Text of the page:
Rockabilly is one of the earliest styles of rock and roll music. It dates back to the early 1950s in the United States, especially the South. As a genre it blends the sound of Western musical styles such as country with that of rhythm and blues, leading to what is considered “classic” rock and roll. Some have also described it as a blend of bluegrass with rock and roll. The term “rockabilly” itself is a portmanteau of “rock” (from “rock ‘n’ roll”) and “hillbilly“, the latter a reference to the country music (often called “hillbilly music” in the 1940s and 1950s) that contributed strongly to the style. Other important influences on rockabilly include western swing, boogie-woogie, jump blues, and electric blues.
Defining features of the rockabilly sound included strong rhythms, vocal twangs, and common use of the tape echo; but progressive addition of different instruments and vocal harmonies led to its “dilution”. Initially popularized by artists such as Wanda Jackson, Billy Adams, Johnny Cash, Bill Haley, Buddy Holly, Elvis Presley, Carl Perkins, Bob Luman, Eddie Cochran, and Jerry Lee Lewis, the rockabilly style waned in the late 1950s; nonetheless, during the late 1970s and early 1980s, rockabilly enjoyed a revival. An interest in the genre endures even in the 21st century, often within musical subcultures. Rockabilly has left a legacy, spawning a variety of sub-styles and influencing other genres such as punk rock.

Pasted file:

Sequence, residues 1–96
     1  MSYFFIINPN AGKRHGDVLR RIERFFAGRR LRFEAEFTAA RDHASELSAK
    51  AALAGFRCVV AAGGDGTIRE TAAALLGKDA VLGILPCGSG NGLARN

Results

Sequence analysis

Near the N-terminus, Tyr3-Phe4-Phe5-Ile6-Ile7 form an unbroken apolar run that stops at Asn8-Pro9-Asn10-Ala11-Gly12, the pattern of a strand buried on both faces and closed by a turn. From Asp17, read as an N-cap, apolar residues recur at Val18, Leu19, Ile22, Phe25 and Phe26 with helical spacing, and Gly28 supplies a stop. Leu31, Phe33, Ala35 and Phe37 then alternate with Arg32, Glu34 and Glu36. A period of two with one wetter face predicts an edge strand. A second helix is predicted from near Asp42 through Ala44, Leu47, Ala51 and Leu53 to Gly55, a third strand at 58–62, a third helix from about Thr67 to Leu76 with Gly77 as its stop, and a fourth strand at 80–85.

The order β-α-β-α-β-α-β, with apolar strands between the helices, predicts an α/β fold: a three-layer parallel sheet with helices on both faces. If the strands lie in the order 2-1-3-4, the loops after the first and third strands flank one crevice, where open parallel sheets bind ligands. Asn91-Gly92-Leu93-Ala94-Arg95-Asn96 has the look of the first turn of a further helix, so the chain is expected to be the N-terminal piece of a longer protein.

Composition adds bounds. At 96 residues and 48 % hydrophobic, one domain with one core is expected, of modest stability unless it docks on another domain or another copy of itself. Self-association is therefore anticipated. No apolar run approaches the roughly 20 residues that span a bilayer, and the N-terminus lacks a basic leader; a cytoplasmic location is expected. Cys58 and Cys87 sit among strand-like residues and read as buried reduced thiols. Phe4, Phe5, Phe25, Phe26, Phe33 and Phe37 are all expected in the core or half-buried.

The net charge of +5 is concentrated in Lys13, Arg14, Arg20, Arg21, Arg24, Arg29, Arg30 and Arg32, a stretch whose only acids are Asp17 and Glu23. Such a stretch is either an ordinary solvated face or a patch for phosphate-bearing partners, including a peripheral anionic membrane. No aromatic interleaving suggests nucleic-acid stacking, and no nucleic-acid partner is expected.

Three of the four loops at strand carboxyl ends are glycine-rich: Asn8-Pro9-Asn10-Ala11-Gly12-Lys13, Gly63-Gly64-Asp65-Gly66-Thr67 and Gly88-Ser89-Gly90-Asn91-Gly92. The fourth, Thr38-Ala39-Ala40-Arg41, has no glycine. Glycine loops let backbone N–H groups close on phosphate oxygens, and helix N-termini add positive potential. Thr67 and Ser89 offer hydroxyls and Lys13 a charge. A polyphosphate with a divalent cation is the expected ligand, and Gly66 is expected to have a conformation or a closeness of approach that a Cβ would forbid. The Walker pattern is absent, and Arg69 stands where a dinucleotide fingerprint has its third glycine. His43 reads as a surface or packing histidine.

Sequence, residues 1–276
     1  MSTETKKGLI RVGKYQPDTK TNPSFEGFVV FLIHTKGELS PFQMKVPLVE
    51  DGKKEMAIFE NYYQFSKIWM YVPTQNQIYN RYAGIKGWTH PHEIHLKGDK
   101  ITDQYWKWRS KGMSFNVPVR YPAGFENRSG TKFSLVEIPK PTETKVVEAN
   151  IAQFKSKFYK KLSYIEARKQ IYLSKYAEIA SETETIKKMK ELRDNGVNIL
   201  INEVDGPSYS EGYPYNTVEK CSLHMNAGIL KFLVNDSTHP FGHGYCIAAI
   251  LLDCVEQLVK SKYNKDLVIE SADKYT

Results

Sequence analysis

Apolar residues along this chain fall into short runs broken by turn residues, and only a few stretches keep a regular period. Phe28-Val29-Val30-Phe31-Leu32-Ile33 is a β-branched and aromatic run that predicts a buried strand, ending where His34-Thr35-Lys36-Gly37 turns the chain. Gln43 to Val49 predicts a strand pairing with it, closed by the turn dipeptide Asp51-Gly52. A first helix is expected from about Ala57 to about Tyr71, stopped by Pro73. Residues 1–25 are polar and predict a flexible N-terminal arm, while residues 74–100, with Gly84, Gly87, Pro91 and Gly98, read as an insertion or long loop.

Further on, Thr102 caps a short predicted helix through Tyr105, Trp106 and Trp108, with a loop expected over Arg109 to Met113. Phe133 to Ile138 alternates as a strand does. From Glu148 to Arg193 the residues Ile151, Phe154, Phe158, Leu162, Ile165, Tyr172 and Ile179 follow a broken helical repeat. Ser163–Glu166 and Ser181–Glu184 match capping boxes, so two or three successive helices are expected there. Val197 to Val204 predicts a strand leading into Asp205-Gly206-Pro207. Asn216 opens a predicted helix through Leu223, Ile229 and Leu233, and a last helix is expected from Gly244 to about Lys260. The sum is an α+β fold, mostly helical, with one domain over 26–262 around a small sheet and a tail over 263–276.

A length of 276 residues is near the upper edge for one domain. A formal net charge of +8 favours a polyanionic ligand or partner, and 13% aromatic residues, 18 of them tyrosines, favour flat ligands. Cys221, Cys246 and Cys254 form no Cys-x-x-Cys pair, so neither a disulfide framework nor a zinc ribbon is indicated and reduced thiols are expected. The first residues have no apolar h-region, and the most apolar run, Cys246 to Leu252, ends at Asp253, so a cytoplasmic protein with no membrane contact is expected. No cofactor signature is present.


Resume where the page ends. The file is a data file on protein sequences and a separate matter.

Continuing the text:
During the 1930s and 1940s, two new sounds emerged. Bob Wills and his Texas Playboys were the leading proponents of Western Swing, which combined country singing and steel guitar with big band jazz influences and horn sections; Wills’s music found massive popularity. Recordings of Wills’s from the mid 1940s to the early 1950s include “two beat jazz” rhythms, “jazz choruses”, and guitar work that preceded early rockabilly recordings. Wills is quoted as saying “Rock and Roll? Why, man, that’s the same kind of music we’ve been playin’ since 1928!… But it’s just basic rhythm and has gone by a lot of different names in my time. It’s the same, whether you just follow a drum beat like in Africa or surround it with a lot of instruments. The rhythm’s what’s important.”14